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Nagging Cold May Mean Sinusitis

If you're having trouble shaking a cough, a stuffy nose, or a headache, you may be dealing with more than the common cold. CBS News Health Correspondent Dr. Emily Senay reports.

Although it may seem like a cold, sniffling and sneezing that persists for more than a week may be the symptoms of sinusitis, an inflammation of the sinuses.

"You just want relief from the pressure," says Felicia Smith.

Smith is one of the more than 50 percent of American adults who suffer from the condition. For her, the sinus headaches are the worst aspect of the illness.

"The headache is like a throbbing pain where I have to lay down to get some rest or try to go to sleep," Smith says. "It's like someone just constantly beating you right in the forehead."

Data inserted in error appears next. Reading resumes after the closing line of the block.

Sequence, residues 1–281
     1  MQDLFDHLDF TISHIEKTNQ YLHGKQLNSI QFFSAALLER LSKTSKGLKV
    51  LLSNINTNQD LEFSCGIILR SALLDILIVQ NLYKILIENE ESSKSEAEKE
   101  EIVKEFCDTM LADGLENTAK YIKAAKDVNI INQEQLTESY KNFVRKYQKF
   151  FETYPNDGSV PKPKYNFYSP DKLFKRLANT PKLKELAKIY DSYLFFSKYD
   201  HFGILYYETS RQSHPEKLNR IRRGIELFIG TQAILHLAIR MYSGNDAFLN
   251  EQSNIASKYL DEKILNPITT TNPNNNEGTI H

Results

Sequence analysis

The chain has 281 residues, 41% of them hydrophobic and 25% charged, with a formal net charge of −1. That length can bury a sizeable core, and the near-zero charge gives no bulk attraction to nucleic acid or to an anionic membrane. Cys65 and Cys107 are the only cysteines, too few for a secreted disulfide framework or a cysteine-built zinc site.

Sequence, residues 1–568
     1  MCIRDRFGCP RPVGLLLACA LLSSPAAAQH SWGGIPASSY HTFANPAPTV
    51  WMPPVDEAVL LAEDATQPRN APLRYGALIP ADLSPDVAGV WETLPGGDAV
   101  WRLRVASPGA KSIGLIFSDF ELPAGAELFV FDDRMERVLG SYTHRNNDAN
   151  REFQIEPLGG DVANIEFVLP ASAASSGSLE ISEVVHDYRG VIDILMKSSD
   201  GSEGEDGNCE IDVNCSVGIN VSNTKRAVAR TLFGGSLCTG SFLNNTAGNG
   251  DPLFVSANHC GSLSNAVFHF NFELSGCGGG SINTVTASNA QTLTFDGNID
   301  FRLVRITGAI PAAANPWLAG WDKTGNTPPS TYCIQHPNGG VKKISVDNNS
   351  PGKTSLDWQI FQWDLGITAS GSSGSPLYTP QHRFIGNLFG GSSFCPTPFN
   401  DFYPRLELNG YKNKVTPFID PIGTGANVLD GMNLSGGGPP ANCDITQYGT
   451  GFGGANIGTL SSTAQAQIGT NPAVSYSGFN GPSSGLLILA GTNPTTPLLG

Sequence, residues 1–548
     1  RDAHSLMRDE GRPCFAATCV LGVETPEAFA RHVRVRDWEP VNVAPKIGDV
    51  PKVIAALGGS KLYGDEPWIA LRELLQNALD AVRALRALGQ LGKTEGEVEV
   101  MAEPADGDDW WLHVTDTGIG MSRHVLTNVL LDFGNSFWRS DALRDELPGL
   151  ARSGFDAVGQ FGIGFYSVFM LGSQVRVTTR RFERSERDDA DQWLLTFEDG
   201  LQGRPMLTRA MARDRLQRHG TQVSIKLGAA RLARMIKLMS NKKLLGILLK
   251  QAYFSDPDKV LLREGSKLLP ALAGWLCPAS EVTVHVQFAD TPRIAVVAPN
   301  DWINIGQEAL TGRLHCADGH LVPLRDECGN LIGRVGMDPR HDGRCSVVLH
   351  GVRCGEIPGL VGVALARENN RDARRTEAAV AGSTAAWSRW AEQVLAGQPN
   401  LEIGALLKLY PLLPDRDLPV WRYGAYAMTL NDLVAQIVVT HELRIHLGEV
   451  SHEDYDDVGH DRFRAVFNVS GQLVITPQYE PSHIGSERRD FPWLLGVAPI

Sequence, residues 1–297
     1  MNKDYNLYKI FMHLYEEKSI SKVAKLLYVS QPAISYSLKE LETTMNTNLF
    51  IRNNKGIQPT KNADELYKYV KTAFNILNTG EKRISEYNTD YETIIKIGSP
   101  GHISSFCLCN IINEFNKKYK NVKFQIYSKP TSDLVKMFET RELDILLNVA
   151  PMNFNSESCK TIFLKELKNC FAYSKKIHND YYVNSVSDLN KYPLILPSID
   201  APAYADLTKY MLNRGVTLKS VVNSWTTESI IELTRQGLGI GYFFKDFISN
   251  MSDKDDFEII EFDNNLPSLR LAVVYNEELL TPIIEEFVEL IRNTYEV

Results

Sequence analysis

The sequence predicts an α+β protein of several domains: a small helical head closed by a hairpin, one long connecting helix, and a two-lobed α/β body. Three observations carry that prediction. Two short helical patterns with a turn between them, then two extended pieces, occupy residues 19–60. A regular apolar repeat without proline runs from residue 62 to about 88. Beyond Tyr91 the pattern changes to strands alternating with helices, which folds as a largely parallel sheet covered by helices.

Sinuses consist of four air-filled cavities located in between and below the eyes. When sinusitis occurs, the lining of these cavities becomes inflamed, making it difficult to drain mucous from the area. The heavy congestion makes breathing through the nose difficult.

Bacterial infections from colds are the number one cause of sinusitis, but allergies and inhaling irritating substances can also lead to the condition.

Sinusitis symptoms include stuffiness, pressure, pain under the eyes and in the forehead, and post-nasal drip. Acute sinusitis may be accompanied by a green or gray discharge from the nose, a swelling around the eyes, high fever, and painful headaches. Often these cases signal severe infection and should be looked at by a doctor immediately.

Treatment for acute cases can include antibiotics as well as other medications. If you have a mild case, most doctors recommend trying over-the-counter medications before coming to see them.

If antibiotics don't help and the condition re-occurs often, surgery may be necessary.

Reported by Dr. Emily Senay

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